- Scanning social media for individuals who might be radicalized. There’s another application for social and AI that involves selling something dangerous—only this time, it’s something one believes, not ingests. The aforementioned Stanford report points out some law enforcement agencies are using AI to monitor and analyze conversations in social platforms “to prevent those at risk from being radicalized by ISIS or other violent groups.” One such monitoring tool has been dubbed iAWACS, or internet AWACS. According to the Washington Post, that’s nod to the acronym used by the military to describe their airborne intelligence and command stations. The purpose of iAWACS is to prevent events by monitoring online activity indicative of active shooter situations or scenarios at high-risk for extremists.
- Creating Interview ‘bots’ to detect lies from suspects. Researchers in the Netherlands have created an AI-powered chatbot interviewer named Brad, designed to detect deception via physiological cues and machine learning algorithms. While Brad has a long way to go before he becomes mainstream, the implications of the technology as an initial screening tool has the potential to make law enforcement’s interviews more efficient and even improve security at high-risk areas like airports or sporting events.
How Far is Too Far?
There’s certainly promise in AI applications for law enforcement, especially given the hypercharged climate today’s officers face. With that encouraging promise, though, comes a host of risks and responsibilities. Will law enforcement’s use of AI make us safer, or is it crossing a line?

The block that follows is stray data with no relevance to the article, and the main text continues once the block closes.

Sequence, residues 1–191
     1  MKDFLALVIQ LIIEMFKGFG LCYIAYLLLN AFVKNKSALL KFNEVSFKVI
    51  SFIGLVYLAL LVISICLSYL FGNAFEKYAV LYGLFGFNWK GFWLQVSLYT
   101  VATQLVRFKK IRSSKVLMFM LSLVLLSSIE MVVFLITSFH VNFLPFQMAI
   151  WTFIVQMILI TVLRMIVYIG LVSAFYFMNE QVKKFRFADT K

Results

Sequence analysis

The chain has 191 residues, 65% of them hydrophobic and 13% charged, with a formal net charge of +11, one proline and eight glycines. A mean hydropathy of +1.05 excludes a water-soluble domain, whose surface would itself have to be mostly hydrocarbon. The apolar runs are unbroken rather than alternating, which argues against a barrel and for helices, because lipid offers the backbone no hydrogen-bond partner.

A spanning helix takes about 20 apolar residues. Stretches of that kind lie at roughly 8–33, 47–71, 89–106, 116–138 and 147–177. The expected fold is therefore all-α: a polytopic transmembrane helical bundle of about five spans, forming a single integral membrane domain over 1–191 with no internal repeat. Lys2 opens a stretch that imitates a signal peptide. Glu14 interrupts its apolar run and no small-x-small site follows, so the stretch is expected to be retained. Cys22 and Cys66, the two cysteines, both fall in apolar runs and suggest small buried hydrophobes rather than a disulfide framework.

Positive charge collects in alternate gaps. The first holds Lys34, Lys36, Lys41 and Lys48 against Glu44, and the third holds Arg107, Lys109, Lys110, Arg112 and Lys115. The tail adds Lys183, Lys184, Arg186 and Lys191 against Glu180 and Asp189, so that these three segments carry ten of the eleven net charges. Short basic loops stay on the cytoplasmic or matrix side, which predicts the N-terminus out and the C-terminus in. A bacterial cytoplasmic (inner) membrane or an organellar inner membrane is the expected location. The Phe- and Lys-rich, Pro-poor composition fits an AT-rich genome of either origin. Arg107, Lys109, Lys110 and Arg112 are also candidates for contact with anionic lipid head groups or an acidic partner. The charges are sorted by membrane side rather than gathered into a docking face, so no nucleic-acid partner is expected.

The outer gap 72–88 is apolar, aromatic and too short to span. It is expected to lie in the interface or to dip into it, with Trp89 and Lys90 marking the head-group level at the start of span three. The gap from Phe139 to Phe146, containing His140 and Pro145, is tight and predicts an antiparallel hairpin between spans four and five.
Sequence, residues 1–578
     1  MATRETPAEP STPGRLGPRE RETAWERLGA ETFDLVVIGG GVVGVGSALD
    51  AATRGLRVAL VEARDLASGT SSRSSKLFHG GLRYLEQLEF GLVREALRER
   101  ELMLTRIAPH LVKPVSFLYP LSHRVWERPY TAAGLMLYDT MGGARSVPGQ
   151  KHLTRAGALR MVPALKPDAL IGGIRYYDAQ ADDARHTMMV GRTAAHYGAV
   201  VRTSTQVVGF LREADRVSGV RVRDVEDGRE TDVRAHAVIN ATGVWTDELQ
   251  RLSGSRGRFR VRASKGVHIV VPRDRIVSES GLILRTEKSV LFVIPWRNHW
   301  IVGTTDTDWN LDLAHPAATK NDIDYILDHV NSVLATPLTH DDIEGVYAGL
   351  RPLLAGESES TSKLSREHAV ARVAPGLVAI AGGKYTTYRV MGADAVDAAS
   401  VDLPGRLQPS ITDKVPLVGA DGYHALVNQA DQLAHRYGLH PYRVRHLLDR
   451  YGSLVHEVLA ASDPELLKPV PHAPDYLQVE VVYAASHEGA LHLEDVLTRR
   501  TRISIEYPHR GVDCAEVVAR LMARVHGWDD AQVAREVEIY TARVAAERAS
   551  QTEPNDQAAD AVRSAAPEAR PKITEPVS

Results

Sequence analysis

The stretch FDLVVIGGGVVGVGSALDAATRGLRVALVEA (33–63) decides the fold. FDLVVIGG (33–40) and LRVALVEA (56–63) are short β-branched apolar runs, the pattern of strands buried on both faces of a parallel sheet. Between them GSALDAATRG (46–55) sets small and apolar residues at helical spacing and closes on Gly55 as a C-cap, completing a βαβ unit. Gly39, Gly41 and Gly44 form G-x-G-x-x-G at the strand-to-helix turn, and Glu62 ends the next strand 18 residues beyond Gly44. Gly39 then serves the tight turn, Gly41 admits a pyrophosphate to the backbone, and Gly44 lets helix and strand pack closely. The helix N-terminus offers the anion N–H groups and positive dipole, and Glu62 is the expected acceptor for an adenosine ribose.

Surveillance and crime prevention initiatives both on and offline are areas ripe for AI’s intervention, but the potential for invading the privacy of private citizens, wrongfully targeting individuals for “suspicious” behavior, or otherwise abusing the power of AI—even unintentionally—are real concerns. To address them, forward motion must be made in a manner that is consistent with the underlying goals of these AI applications: To protect the safety, rights, and lives of both the public and the officers sworn to protect them.
Additional Resources on this Topic
The Government Explores Artificial Intelligence
How Artificial Intelligence could help warn us of another Dallas
Why Deep Learning (and AI) Will Change Everything
11 Police Robots Patrolling Around the World
Shelly Kramer is a Principal Analyst and Founding Partner at Futurum Research. A serial entrepreneur with a technology centric focus, she has worked alongside some of the world’s largest brands to embrace disruption and spur innovation, understand and address the realities of the connected customer, and help navigate the process of digital transformation. She brings 20 years' experience as a brand strategist to her work at Futurum, and has deep experience helping global companies with marketing challenges, GTM strategies, messaging development, and driving strategy and digital transformation for B2B brands across multiple verticals. Shelly's coverage areas include Collaboration/CX/SaaS, platforms, ESG, and Cybersecurity, as well as topics and trends related to the Future of Work, the transformation of the workplace and how people and technology are driving that transformation. A transplanted New Yorker, she has learned to love life in the Midwest, and has firsthand experience that some of the most innovative minds and most successful companies in the world also happen to live in “flyover country.”